The Colonial Theatre in Bethlehem, N.H., will present The Ghost of Paul Revere with special guest The Jason Spooner Band, on Friday, May 31.
“We grew up listening to Radiohead and the Beatles and Led Zeppelin and Pink Floyd,” says Griffin Sherry, guitarist/singer in The Ghost of Paul Revere. “Everyone assumed we were a bluegrass band because we were playing these traditional instruments, but we weren’t writing traditional music. We were just writing songs with the instruments we had.”
The result is a sound that the Portland, Maine-based band describes as “holler folk,” not because it involves a lot of hollering, per se, but because it invokes the rich communal tradition of field hollers, with their call-and-response melodies, sing-along hooks, and densely layered harmonies. That sense of musical camaraderie is essential to everything The Ghost of Paul Revere does.
“The Monday before Newport we got a message saying to pack our bags and come on down,” remembers Sherry. “We hadn’t played much outside of Maine or started opening for any big acts yet at that point, and it was a hugely inspiring moment.”
Word began to spread about the rowdy pickers from the north. The Boston Globe raved that they “create the type of music for which festivals are made,” while No Depression said they “prove that superior roots music can come from anywhere,” and Dispatch Magazine wrote that they possess not only “the chops, but the heart to reach their audience and leave an undeniable impression.” Hitting listeners straight in the feelings has been the band’s M.O. since its inception in 2011, and they’ve used their powerful stage show to convert the masses at every stop along their long and winding journey, which has included shared stages with artists like The Avett Brothers, The Travelin’ McCourys, Brown Bird, The Revivalists, the Infamous Stringdusters, and more.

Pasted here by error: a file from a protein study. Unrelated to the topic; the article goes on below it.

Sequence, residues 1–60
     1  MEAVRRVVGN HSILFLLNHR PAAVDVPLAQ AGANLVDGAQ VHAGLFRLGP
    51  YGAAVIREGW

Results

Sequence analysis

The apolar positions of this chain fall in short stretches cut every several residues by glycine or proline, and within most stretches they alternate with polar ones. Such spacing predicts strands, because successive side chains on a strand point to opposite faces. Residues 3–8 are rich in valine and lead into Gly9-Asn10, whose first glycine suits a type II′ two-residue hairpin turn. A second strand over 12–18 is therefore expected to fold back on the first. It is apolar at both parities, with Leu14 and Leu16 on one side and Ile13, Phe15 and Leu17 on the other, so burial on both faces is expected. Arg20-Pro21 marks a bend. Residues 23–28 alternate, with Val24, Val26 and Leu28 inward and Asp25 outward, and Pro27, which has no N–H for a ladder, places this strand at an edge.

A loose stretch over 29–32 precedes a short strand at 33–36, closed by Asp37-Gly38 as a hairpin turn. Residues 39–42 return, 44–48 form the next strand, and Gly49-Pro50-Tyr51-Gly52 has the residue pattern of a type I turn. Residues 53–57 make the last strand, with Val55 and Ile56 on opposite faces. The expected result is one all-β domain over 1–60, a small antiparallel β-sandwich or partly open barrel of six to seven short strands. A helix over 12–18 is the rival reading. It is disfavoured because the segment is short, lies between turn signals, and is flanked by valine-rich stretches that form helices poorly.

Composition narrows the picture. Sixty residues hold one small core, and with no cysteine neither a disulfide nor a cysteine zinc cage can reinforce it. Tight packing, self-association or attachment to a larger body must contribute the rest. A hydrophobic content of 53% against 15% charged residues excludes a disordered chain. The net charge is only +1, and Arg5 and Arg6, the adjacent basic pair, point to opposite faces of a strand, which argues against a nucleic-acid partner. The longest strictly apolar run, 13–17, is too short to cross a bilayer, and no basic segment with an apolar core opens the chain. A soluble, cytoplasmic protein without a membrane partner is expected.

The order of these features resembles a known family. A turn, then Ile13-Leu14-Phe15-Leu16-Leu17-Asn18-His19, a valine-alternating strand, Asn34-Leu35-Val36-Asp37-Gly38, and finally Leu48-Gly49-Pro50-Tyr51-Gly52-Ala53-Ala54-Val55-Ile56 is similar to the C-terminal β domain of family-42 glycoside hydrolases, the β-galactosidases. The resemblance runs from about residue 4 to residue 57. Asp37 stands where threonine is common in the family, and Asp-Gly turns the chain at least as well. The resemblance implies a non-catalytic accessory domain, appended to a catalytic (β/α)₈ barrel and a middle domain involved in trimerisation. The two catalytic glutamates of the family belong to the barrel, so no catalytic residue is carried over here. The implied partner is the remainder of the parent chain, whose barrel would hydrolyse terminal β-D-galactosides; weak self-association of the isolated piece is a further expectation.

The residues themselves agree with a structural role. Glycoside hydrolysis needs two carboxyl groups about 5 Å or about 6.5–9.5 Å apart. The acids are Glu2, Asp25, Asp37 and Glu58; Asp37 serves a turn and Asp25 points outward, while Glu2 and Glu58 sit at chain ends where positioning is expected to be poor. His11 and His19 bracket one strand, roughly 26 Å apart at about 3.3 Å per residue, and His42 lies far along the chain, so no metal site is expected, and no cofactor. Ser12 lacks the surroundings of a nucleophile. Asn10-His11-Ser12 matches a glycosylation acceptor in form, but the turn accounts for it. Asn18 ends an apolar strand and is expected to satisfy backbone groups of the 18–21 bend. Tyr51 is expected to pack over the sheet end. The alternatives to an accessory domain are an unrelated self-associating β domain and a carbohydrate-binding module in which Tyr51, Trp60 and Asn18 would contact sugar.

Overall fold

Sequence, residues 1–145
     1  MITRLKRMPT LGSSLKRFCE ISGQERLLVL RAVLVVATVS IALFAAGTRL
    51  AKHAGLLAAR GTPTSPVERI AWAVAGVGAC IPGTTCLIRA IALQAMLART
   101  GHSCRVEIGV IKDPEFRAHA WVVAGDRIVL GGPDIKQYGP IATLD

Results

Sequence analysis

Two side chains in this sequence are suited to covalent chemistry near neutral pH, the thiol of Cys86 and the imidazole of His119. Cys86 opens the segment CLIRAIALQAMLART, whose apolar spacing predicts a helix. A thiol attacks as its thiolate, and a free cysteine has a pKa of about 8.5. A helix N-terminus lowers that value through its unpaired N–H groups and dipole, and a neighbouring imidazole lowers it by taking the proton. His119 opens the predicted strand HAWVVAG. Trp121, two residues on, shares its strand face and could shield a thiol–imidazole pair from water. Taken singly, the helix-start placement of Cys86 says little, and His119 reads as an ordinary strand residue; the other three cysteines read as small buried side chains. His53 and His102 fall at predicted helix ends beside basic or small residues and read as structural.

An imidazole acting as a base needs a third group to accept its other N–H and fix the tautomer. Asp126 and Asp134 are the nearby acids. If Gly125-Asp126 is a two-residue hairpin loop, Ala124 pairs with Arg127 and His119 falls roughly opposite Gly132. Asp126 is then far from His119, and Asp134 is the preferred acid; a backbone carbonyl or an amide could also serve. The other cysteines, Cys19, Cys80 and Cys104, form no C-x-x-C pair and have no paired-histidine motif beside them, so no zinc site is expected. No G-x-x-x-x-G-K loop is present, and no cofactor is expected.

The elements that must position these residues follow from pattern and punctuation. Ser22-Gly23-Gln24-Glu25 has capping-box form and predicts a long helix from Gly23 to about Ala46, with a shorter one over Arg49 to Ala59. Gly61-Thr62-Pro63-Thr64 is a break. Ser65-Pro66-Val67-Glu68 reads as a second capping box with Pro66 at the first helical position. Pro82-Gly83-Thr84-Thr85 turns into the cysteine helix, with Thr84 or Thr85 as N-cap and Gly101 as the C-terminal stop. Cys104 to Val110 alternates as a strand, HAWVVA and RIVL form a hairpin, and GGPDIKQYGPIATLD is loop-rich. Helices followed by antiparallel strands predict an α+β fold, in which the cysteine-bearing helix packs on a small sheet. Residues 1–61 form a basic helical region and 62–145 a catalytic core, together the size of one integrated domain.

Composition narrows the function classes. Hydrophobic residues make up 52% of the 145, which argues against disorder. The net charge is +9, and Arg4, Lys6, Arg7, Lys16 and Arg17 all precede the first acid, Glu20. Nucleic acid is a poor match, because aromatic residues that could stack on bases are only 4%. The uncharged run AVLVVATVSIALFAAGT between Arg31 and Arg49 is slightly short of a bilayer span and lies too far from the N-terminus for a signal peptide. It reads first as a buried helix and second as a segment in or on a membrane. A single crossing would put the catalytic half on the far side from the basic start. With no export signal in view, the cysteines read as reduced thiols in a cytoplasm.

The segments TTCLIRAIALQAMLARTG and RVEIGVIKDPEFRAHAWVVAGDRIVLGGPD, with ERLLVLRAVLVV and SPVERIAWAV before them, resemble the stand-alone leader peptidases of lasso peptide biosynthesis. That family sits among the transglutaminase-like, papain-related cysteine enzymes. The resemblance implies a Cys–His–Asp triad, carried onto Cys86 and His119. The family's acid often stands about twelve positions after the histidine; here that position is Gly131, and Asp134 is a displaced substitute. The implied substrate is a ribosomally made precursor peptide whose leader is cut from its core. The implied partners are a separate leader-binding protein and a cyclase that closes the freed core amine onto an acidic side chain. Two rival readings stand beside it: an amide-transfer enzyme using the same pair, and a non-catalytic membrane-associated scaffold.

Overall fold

The ingredients behind northern New England’s Jason Spooner Trio read like a bizarre musical science experiment. Start with a prolific, singer/songwriter (Jason Spooner) with heavy roots, folk & blues influences. Then mix in a classically trained bassist (Adam Frederick) with foundations in jazz and a knack for serious pocket grooves. Lastly, shake things up with a rock-solid drummer (Reed Chambers) with deep-seeded roots in funk, soul & reggae and you’ve begun to scratch the surface of this unique, energetic band.
For more information, visit https://bethlehemcolonial.org/